However, Boutaris admitted that he does not see eye to eye with the coalition on the way it has handled negotiations with the institutions. “The government does not speak the same language as those it is negotiating with,” he told Kathimerini. “That is why they cannot understand each other.”

[ , Tuesday May 5, 2015 (21:07)]

Second, in its obsession with providing “the institutions” (aka troika) with no pretext for throwing it out of the Eurozone as part of its larger game-of-turkey strategy, it apparently has been indulging in its own variety of turbo-austerity—temporarily boosting its fiscal surplus by delaying payments to suppliers and investment projects (see Peter Spiegel at and the Greek budget analysis by Silvia Merler at breugel).

Greek Finance Minister and media superstar Yanis Varoufakis, rebounding from his recent sidelining, reiterates that Greece, despite its financial difficulties, will not cross “red lines” regarding pension cuts and reforms to collective bargaining. Nevertheless, he freely admits that Greece is facing a liquidity crisis within “a couple of weeks.”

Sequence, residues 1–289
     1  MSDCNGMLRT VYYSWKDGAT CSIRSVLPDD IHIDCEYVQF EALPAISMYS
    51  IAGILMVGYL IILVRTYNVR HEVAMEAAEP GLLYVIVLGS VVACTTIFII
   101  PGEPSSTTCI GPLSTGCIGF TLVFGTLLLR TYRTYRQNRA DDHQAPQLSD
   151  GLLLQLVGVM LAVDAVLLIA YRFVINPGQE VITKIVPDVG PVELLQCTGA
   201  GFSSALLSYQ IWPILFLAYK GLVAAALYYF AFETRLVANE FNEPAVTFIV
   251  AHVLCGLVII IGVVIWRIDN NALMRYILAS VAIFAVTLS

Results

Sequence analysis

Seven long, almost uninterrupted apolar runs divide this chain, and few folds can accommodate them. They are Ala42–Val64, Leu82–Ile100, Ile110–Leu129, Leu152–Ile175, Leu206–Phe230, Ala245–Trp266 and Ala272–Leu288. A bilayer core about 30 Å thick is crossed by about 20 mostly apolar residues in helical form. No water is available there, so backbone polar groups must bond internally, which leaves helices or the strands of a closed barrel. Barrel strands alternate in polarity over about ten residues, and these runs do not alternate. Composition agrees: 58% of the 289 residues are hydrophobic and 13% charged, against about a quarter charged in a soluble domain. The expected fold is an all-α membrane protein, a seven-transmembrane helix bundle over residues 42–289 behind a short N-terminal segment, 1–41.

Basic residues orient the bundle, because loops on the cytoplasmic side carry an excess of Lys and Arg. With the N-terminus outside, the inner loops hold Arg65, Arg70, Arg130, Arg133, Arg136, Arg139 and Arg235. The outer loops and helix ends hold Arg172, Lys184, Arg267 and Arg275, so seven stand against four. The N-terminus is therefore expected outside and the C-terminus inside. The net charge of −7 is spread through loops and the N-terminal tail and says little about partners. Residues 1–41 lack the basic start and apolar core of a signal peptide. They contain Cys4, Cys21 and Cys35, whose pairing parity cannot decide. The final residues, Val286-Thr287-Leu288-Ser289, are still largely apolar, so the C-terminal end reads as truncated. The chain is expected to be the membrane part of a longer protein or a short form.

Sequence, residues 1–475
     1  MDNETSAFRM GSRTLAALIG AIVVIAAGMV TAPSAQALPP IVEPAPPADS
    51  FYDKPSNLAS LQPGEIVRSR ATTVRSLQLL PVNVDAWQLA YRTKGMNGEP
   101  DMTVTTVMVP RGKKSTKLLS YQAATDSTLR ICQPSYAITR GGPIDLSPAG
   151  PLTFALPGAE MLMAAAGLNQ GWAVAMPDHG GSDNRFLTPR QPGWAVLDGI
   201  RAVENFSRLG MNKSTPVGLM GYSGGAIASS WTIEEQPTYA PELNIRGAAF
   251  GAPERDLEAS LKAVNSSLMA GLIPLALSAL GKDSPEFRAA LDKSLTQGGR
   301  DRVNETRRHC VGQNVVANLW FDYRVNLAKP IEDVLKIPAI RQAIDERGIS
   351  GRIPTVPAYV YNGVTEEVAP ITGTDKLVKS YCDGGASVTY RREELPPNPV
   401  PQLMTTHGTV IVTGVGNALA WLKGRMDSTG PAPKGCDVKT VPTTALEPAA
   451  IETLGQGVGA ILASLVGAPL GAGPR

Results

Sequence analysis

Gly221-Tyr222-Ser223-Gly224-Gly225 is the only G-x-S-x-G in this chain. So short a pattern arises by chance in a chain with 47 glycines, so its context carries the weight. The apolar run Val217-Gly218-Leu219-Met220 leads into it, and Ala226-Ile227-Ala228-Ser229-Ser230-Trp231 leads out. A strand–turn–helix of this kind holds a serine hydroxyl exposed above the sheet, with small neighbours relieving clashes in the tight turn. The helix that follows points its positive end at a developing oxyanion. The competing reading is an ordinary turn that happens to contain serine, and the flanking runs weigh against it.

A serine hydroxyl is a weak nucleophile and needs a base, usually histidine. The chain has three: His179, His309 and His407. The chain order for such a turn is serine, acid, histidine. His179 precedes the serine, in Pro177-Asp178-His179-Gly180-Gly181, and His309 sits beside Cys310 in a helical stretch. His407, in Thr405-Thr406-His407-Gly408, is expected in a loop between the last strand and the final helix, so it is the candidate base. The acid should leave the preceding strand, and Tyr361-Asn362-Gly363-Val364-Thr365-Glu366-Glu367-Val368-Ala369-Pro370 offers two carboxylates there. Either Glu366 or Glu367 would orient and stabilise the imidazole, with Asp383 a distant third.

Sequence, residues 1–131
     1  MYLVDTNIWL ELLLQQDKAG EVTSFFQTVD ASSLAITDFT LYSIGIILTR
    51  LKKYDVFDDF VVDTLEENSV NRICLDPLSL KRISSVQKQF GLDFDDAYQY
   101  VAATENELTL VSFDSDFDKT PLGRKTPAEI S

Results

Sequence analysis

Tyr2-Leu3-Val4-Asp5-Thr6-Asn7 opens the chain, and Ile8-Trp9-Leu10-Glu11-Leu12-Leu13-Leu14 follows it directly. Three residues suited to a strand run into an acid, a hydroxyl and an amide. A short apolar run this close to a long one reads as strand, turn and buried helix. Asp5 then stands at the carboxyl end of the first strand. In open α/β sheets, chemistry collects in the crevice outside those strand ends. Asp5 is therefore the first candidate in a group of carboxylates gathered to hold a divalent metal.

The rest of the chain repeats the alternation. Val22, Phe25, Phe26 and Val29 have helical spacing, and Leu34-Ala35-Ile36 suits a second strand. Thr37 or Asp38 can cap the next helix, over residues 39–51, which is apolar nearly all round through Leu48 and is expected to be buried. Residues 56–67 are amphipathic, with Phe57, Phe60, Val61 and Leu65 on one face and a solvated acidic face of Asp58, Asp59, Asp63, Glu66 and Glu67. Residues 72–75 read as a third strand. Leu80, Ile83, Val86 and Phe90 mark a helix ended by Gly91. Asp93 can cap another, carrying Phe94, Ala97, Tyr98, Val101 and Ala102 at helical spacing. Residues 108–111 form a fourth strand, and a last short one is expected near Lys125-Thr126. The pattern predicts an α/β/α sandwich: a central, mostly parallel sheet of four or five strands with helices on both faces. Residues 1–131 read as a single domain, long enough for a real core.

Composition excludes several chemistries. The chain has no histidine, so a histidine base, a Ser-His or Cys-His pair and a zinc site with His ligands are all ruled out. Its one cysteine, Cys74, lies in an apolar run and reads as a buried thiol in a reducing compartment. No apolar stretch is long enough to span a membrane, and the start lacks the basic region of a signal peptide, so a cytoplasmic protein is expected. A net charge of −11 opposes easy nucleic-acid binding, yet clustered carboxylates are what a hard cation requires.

German Finance Minister Wolfgang Schäuble, for his part, has made a surprising counter in his game-of-turkey hand by now allowing for a Greek referendum to decide whether the country will remain in the Eurozone and accept further austerity and painful “structural reforms.” Recall that an attempt by then Prime Minister Papandreou in 2011 to hold a similar referendum was immediately torpedoed by explicit threats of French President Sarkozy and German Chancellor Merkel to summarily expel Greece from the Eurozone, and soon brought down his government. Peter Schwarz on the World Socialist Website characterized this incident as follows: